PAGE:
Research in psychology has suggested that anticipated regret is higher for outcomes that depart from the status quo. “Abnormal” situations evoke more powerful emotional responses (including regret) than typical ones, and decision makers have a tendency to associate regret with action more so than with inaction.

Making the decision to receive a COVID-19 vaccine is a classic example of an abnormal action.

What about the consequences of not getting vaccinated? Is there greater regret associated with that decision? Yes, if you believe the data, but there is more to consider.

Regret is more likely when uncertainty is greater. If we could predict the future and know all there is to know, then decision making would be easy, and regret would not be relevant. 

Arguably, we have enough scientific data about the COVID vaccines to be certain to the point of no regret. The decision should be straightforward, but it is not, because human decision-making is anything but straightforward. 

Data comes in many forms. Numerical data is only one form of information. Personal experiences are another. The human brain processes data in the form of stories or personal experiences more easily than it processes numbers. Compelling narratives are relatable and more likely to be internalized. While plenty of data points tell us that vaccines are safe and effective, personal stories of longer-term impact are yet to exist. Many Americans still have questions about what the vaccine will do to our bodies in the next months and years. There may be reason to worry about extreme side effects, but the point is clear: Data is well and good, but personal experiences can carry weight, and they are going to take time to develop.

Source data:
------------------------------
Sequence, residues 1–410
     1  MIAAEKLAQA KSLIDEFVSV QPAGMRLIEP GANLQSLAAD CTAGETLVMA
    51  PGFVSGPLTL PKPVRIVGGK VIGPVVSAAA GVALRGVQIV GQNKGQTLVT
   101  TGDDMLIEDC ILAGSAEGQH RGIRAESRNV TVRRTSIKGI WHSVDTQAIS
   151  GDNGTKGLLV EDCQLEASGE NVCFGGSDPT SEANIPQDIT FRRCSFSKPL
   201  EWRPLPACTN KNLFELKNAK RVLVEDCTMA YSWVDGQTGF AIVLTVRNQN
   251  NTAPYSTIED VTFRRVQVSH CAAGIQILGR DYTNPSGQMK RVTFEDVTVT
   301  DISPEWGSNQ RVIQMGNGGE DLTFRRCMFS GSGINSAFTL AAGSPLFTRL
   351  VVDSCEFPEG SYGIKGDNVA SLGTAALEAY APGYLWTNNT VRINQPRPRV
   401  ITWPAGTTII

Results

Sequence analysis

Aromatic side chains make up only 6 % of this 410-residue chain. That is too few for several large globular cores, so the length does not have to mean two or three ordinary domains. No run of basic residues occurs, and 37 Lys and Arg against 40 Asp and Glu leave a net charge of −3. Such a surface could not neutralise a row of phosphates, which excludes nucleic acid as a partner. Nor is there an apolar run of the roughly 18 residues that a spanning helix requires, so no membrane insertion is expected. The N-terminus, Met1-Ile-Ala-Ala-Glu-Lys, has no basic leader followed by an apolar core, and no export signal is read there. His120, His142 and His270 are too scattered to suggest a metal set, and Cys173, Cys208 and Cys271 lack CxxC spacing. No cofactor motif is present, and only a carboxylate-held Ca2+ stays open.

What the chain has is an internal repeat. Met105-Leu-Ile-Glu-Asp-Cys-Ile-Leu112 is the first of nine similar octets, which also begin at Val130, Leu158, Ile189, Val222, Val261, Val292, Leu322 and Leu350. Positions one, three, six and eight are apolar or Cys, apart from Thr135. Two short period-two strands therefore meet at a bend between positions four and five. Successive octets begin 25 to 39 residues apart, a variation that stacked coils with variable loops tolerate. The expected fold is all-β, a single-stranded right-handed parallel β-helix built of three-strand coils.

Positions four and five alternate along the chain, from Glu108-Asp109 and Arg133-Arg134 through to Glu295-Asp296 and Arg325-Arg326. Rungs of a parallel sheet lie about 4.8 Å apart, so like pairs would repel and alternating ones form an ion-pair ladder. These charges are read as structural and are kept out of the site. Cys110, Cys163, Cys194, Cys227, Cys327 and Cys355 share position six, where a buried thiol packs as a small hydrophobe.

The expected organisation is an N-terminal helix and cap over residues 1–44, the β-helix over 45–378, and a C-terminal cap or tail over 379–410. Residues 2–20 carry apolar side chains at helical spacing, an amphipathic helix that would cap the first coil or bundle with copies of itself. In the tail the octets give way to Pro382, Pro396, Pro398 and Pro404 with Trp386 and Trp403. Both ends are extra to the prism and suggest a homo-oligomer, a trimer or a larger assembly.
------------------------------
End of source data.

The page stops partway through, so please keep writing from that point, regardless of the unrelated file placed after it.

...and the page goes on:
According to the CBS News poll, 58 percent of those who might not or will not get the vaccine said they would like to “wait and see.” Perhaps seeing that few people have experienced life-altering side effects is the sort of information they are waiting for.